Does it matter that it was a private hospital during the pandemic? Well not really. Although private hospitals were in essence commandeered during the pandemic in fact the number of patients in private hospitals dropped by over 80% in April 2020.  Most work unrelated to Covid-19 was cancelled and indeed very few hospitals were used by the NHS during the pandemic at all.  Private hospitals did however benefit significantly from taxpayer funding such as the furlough scheme.   They did much less work during the pandemic.


However, there are several things which need to be considered when accepting surgery at a private hospital: –

  1. Who is on call? In an NHS hospital there is a team for each speciality on call.  They are not always based at that hospital (it depends on the size) but in an average sized hospital, most common specialities will have a team.  That means even if the consultant isn’t available there should be a senior qualified member of staff.

A private hospital has a medical officer.  The medical officer may have to cover a whole variety of specialities and is unlikely to be a specialist in that field.  The consultants do not remain on site.  This means in a standard NHS hospital a consultant or near equivalent will be available at short notice.  In a private hospital, that is not the case.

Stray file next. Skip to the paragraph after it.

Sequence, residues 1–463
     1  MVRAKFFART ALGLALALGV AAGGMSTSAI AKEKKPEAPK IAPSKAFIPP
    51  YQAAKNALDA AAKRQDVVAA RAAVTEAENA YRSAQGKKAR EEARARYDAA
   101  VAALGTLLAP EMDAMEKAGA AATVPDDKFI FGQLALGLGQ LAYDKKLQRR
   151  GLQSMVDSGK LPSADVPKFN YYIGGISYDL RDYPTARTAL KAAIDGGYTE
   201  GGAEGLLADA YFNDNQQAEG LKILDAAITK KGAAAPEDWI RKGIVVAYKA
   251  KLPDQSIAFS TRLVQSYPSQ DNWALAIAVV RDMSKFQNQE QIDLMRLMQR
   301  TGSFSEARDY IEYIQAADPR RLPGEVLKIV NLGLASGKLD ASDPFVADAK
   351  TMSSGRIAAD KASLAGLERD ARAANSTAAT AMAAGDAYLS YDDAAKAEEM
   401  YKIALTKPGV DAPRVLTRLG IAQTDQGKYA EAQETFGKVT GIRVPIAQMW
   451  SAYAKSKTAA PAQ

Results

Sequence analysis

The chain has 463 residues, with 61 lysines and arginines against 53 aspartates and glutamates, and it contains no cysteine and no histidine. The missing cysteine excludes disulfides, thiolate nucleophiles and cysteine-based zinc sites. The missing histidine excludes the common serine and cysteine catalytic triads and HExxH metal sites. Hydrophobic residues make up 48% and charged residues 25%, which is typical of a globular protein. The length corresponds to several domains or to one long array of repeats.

1. Secondly, private hospitals do not mirror the facilities of state hospitals. Most NHS hospitals are of a reasonable size and will have, for example, full scanning facilities, intensive care, and high dependency type units.  That is not the case for many private hospitals which remain almost like small cottage hospitals dealing with particular procedures.  If you are fit and healthy and you are seeking a minor operation to remove some moles, then perhaps a private hospital with no emergency facilities is fine.  If you are going for major surgery, you may want to inquire about the facilities of the hospital that you are attending.
  2. A sizeable minority of people who suffer complications in private hospitals must be transferred through to the NHS facility nearby for emergency treatment and care because the hospital they attended did not have the facilities or staff to deal with the problem. If you are being treated in a private unit based in an NHS hospital, that may not be an issue.  If you are in a private hospital at some distance from an NHS facility of a reasonable size, that may well be a significant problem.